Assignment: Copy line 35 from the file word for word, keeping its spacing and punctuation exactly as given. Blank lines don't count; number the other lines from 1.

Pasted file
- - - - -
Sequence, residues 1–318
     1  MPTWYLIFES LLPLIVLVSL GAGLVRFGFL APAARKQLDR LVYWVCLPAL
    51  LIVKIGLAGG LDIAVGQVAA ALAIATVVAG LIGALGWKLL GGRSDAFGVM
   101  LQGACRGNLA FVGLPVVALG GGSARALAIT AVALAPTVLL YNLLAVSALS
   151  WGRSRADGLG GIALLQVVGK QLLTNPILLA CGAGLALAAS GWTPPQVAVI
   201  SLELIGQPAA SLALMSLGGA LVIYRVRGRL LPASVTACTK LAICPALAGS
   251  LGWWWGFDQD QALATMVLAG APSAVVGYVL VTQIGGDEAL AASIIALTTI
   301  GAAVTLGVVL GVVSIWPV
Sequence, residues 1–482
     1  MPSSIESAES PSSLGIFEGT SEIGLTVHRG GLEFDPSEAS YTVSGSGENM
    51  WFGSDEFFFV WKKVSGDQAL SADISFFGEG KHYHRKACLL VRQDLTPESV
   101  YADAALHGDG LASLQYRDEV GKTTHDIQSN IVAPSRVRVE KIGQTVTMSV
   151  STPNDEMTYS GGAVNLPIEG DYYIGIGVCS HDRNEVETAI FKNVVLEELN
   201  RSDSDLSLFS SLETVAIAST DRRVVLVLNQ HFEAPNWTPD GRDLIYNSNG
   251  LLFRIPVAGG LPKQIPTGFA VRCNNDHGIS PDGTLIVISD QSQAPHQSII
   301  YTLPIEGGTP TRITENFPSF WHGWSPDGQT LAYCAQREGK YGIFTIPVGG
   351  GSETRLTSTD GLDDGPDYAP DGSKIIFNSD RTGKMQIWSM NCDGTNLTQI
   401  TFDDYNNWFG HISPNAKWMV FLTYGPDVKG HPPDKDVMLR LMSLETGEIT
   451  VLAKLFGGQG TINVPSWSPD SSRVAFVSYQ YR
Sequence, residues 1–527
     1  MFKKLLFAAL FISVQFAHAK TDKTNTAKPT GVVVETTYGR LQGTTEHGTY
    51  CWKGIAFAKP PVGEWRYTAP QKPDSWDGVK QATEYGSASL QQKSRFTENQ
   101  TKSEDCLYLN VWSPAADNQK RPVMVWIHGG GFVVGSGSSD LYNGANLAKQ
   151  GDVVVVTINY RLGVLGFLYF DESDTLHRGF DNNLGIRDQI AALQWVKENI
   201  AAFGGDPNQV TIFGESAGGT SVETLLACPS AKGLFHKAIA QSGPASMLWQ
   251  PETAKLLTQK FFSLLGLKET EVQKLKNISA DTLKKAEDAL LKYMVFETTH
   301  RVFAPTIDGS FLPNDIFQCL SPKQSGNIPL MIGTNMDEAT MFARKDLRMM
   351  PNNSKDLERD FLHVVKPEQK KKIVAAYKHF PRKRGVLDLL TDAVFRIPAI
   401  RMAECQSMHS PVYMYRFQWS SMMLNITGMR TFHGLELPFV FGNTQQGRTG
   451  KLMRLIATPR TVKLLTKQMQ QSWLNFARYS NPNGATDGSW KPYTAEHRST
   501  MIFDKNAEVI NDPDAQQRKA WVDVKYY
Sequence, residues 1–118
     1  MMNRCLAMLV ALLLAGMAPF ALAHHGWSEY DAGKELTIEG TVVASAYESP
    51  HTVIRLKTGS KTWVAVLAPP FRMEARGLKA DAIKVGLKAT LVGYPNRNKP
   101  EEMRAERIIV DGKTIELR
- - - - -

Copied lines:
   101  EEMRAERIIV DGKTIELR